Get up close and personal with exclusive, inspiring interviews and taste profiles delivered with a cheeky twist to your inbox daily.

Success! You’re all signed up. 🎉
Please enter a valid email address.

By subscribing to our email newsletter, you agree to and acknowledge that you have read our Privacy Policy and Terms.

A Closet That Prioritizes Subtlety Over Statement

Deon Hinton likes to keep things in order.

Yannis Mastoros
Deon Hinton At Home in Brooklyn

Deon Hinton At Home in Brooklyn

“People think Goodwills in New York or L.A. are amazing? No, you have to go to these small ass cities and towns,” says multidisciplinary artist Deon Hinton, with a note of comic reproval in his voice. “People don't know this, but thrifting in Arkansas is a gold mine.” As a high school student, the smalltown native was scraping together bargain-bin finds because that was all he could afford, piecing items together to emulate the designers and brands he could only read about. Today, those brands are flying him across the globe to work on campaigns—both in front of and behind the camera. And their covetable products now hang next to treasured vintage finds in his tightly edited closet.

“I do a closet purge just about every three months,” he notes. The result of which is a capsule wardrobe of sorts, explains the pseudo-uniform dresser. Hinton is most comfortable in a white t-shirt (his favorite is Acne Studios), a pair of trousers, and a trench coat—and he’s not afraid to layer. “I have a problem by the way,” he says, referring to the latter garment. “I think I have enough [trench coats], but then I see one that's slightly different from the ones that I have at home,” he trails off. Hinton’s collection ranges from Lemaire to a Bushwick consignment find. “I will never forget the day that I walked out of there paying $15 for this coat that looks like Prada,” he muses. In addition to those sturdy sartorial tentpoles, his perfectly manicured wardrobe also houses knitwear, leather, and lots of tailoring–a tribute to the minimalism of the ‘90s. The one thing it lacks? Color (well, for the most part).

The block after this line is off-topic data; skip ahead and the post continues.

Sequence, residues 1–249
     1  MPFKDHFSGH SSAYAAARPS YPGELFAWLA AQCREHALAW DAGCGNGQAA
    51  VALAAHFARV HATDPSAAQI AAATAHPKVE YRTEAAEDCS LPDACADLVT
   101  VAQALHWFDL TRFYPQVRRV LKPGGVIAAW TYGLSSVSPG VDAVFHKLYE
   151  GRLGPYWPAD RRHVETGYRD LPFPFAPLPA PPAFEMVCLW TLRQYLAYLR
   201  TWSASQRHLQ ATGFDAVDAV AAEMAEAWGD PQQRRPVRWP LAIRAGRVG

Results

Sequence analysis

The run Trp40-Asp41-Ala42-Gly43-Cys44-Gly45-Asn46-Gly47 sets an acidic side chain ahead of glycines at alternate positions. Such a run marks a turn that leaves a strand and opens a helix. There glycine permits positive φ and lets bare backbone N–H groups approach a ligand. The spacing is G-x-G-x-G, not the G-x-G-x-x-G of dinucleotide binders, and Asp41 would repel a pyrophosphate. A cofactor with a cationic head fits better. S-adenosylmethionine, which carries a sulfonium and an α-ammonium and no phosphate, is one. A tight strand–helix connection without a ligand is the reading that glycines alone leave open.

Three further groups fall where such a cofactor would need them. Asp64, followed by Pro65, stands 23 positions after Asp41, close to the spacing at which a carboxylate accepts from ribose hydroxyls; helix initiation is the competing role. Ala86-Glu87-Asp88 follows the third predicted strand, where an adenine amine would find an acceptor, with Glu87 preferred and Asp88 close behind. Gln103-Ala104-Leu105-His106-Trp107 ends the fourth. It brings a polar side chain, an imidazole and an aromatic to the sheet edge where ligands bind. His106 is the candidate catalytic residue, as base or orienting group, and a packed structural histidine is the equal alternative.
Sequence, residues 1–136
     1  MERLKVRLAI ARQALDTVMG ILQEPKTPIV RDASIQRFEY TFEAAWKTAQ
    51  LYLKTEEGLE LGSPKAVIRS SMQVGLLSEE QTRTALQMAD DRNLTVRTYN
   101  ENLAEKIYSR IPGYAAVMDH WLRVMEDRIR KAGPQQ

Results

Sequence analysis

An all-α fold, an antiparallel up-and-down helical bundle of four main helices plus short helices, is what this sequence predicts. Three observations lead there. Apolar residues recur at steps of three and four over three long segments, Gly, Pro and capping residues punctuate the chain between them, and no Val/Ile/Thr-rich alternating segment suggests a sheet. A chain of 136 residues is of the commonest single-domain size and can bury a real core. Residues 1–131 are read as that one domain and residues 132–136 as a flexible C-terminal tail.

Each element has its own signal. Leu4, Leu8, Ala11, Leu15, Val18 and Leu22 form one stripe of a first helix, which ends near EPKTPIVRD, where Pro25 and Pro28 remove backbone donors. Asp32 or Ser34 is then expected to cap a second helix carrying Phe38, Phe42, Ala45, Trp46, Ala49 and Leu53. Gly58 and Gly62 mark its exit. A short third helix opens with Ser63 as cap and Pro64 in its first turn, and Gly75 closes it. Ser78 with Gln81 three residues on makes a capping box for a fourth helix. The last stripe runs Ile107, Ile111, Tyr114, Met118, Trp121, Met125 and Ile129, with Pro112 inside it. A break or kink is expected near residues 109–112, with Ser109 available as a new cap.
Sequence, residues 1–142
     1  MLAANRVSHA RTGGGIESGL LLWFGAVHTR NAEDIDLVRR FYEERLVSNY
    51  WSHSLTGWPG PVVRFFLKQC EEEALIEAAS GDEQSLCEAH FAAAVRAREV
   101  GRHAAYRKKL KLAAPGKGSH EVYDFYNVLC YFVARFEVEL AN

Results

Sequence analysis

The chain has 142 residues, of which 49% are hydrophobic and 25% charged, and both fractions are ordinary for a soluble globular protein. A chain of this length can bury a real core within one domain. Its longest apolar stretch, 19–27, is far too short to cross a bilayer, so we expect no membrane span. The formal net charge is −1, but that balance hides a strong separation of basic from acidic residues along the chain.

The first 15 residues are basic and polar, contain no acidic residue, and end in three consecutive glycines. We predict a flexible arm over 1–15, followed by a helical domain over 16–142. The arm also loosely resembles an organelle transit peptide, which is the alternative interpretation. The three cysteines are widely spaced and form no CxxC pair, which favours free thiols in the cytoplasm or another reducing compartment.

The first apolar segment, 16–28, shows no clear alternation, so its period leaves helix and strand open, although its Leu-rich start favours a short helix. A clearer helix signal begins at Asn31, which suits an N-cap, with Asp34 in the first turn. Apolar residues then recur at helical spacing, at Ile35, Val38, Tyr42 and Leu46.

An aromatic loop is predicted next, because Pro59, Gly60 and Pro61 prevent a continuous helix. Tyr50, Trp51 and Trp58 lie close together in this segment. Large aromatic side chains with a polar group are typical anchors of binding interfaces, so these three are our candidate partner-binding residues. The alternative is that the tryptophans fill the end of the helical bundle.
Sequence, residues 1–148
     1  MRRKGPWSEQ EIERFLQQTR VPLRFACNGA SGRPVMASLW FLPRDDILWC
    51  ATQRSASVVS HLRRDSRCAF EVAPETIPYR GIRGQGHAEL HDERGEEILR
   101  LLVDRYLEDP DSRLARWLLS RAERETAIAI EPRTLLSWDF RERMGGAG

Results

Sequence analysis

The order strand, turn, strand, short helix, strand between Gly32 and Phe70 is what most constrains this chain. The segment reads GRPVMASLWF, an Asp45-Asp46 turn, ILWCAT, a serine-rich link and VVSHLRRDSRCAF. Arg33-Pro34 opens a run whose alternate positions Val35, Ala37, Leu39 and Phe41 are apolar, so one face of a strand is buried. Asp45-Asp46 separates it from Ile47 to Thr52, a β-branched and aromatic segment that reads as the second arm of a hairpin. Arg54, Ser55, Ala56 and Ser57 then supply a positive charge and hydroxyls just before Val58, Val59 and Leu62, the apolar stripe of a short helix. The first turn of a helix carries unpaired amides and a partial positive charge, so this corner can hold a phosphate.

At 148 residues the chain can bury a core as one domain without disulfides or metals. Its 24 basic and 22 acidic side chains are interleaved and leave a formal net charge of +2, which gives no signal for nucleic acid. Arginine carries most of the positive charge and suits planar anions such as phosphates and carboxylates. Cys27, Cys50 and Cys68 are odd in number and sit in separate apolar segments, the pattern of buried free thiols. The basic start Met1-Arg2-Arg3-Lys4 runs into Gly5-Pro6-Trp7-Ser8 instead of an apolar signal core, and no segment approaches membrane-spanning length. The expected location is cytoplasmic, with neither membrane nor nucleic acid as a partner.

His first priority is to complement his skin tone. After that, it’s about mood. Neutrals dominate, but you’ll find desaturated blues, yellows, and greens peppered throughout. Oh, and a growing section of navy. “Y'all, I'm getting into navy,” Hinton laughs. In terms of designers, there are a few that make the multiphyphenate’s heart flutter: Peter Do, Christophe Lemaire—“the twisted shirts, they're so beautiful”—Thom Browne, and, of course, The Row, all of whom exalt meticulous attention to detail above all else. “I have a deep appreciation for anything that's going to stand the test of time,” he notes.

That’s not to say Hinton’s afraid to (sparingly) indulge in the occasional trend. “I think trends are fun, but I think what's so fun about trends is how people take them and make them unique and make them their own,” he says. The key to doing so is a well cultivated sense of style, which the photo and art director has managed to do despite embracing the visual identities of many projects for work. “I know where my home is when it comes to dressing,” and it’s nestled at the intersection of masculinity and femininity.

“Oh my God. I thought you'd never ask,” he laughs when I bring up his rather impressive handbag collection. There’s Chanel. There’s Prada. There’s Hermès. The gang’s all there. “I've loved bags since I was getting into fashion in the sixth grade,” he says. “Being from the south, kids were looking at me like I was insane.” He scoffs at the absurdity of the alternative: carrying your wallet, phone, and keys in one single wimpy pocket. Not just a practical item, a handbag makes him feel great and they complete a look—what’s not to like?

That gender neutrality extends from Hinton’s closet to the rest of his home (he lives in a studio in Brooklyn, so it’s not a far leap). Odd shapes and great design take precedence, alongside a reverence for sparsity—it’s just as much about what’s not there as what is. That same sense of style lends itself to his curated social media channels, as well. Scroll through the content creator’s instagram and you’ll see that it is always immaculate, whether it’s depicting his global travels, his home, or the real world application of the treasures housed in his closet. “I have this thing where my space has to look a certain way at all times, and if not, I feel like I'm losing my mind,” he explains. “The closet I think is one of the easiest to keep in order, for sure.”

More From the series Closet
You May Also Like